Principals are concerned about a serious shortage of teachers qualified to cope with soaring numbers of students entering the second-level system.
The country's 720 second-level schools are already seeing a surge in enrolments as a consequence of the baby boom that started in the late 1990s. The additional pupils are working their way through primary level with enrolments up by about 10,000 a year – and by 2020 they will be transferring to post-primary.
National Association of Principals and Deputy Principals (NAPD) director Clive Byrne predicted a 15pc rise in new students starting second-level in six years' time.
The NAPD is concerned as to whether there will be the right balance between the numbers of teachers required, in relation to the subjects most in demand.
Mr Byrne said that, currently, there was no relevant data on the types of teachers who will be retiring over the next few years, and in particular, what subjects they taught.
He said the lack of data, coupled with the increased numbers of students, meant that there was a risk of a shortage of teachers trained to teach particular subjects.
"As 2020 draws closer it must be an immediate priority to begin planning for this challenge now," he said.
The Department of Education has committed to building new schools and recruiting the necessary number of teachers.
But Mr Byrne said it was "also essential" that there is the correct match between subjects taught at second level and having the right numbers of teachers to teach those subjects.
"For example, Ireland is becoming a leading player in the development of IT products and services. For this leading position to be sustained and grow, we need sufficient numbers of teachers to teach the STEM subjects of science, technology, engineering and maths at second level," he said.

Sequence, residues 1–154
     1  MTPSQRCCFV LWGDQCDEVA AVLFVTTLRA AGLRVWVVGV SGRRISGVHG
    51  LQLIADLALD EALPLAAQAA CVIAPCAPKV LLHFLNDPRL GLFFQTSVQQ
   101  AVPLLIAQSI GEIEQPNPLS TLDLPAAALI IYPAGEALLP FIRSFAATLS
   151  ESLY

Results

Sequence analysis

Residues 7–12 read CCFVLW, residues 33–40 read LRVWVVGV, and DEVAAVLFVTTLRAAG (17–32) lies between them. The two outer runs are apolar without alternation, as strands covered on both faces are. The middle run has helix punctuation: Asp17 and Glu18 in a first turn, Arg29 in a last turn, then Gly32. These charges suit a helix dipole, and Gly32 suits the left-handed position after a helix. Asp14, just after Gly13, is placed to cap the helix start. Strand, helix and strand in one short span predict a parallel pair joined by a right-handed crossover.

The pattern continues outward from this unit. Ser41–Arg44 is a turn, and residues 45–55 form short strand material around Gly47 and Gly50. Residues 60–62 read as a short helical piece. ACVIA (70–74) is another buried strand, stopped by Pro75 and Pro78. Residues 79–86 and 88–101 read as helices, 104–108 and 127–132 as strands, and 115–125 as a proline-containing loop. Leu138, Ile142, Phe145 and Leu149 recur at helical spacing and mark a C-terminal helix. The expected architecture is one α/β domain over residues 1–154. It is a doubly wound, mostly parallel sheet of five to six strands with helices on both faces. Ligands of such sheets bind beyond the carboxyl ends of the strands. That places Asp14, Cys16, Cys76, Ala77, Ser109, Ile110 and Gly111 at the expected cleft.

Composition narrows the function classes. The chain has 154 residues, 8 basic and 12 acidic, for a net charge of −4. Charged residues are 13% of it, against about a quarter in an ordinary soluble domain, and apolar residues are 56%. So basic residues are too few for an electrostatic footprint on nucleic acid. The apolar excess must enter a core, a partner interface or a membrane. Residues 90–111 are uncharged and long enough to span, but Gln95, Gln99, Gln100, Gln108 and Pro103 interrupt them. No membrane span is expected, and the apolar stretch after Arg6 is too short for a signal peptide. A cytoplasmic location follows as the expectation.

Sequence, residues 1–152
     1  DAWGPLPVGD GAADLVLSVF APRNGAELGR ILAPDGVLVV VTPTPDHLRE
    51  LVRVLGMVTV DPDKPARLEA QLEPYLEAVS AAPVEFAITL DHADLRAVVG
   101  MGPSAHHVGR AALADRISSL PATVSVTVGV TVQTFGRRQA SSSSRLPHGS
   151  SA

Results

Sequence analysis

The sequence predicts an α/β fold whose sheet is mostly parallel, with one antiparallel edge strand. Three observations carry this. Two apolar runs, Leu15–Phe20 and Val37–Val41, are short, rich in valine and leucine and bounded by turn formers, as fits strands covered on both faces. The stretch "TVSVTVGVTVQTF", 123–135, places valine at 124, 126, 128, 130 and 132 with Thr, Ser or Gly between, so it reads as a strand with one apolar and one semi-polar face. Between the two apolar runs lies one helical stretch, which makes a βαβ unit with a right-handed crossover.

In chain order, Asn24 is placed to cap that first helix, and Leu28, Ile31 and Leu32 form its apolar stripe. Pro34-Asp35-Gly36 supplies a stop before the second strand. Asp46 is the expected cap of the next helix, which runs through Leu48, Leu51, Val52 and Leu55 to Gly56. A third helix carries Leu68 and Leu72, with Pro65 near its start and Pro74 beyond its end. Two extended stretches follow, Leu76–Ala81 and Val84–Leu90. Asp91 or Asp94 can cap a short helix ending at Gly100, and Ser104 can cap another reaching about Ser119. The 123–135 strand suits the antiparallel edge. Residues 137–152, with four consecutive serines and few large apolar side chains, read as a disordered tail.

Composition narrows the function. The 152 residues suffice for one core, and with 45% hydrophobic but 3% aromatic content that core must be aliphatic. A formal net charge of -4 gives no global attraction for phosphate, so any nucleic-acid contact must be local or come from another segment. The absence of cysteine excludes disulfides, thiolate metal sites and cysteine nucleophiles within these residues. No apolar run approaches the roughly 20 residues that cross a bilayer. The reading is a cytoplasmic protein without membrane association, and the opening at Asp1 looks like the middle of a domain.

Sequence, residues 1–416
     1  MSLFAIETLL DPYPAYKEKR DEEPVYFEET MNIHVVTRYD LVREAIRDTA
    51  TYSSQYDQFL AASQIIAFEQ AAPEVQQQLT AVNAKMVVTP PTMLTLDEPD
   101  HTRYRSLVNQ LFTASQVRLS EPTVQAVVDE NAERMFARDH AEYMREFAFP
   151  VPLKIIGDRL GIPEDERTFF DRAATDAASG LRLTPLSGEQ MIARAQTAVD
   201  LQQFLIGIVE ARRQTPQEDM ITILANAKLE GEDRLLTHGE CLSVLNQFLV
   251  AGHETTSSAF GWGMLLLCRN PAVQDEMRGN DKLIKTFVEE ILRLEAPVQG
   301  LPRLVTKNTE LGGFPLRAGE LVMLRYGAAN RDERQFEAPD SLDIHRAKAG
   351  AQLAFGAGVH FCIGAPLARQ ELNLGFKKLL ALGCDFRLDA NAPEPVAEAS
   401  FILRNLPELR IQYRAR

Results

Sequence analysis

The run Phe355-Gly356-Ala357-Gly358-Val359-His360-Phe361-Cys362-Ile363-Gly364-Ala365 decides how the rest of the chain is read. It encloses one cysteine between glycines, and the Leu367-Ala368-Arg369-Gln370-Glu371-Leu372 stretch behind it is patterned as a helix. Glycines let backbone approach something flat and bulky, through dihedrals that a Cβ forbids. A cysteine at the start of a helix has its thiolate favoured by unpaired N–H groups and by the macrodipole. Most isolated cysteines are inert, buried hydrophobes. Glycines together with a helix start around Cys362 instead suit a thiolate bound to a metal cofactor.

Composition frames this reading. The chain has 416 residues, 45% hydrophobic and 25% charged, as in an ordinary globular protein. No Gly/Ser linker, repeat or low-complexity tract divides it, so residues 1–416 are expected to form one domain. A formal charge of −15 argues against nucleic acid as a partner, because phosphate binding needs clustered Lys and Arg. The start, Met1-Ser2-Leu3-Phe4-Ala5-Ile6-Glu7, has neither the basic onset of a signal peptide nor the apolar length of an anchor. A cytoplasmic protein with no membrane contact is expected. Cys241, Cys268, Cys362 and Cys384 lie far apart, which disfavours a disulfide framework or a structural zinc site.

The NAPD director also referred to plans for reform of the Junior Cycle to include new sources in subjects such as Chinese and computing, for which they needed "the right fit of qualified teachers".
However, Teaching Council director Tomas O Ruairc told the Irish Independent that the necessary planning had begun.
He said at the request of Education Minister Ruairi Quinn, the council was currently preparing advice on teacher supply.
"The overall goal of the process is to ensure a sufficient supply of teachers to meet demand.
"The outcome of the process should be a model that is sustainable and that will meet our needs into the future," he said.
Mr O Ruairc said in terms of subject- specific shortfalls, it was premature to comment.
He said it was a very complex issue and he hoped that the picture will be clearer towards the end of this year.
Under the new regime for teacher registration, teachers are required to declare their subjects, which will provide a clearer picture of the supply in given areas.
Mr Byrne said another area of concern was insufficient information and communications technology (ICT) resources in many schools, such as no Wi-Fi. This problem may intensify with increased student numbers.
Katherine Donnelly, Education Editor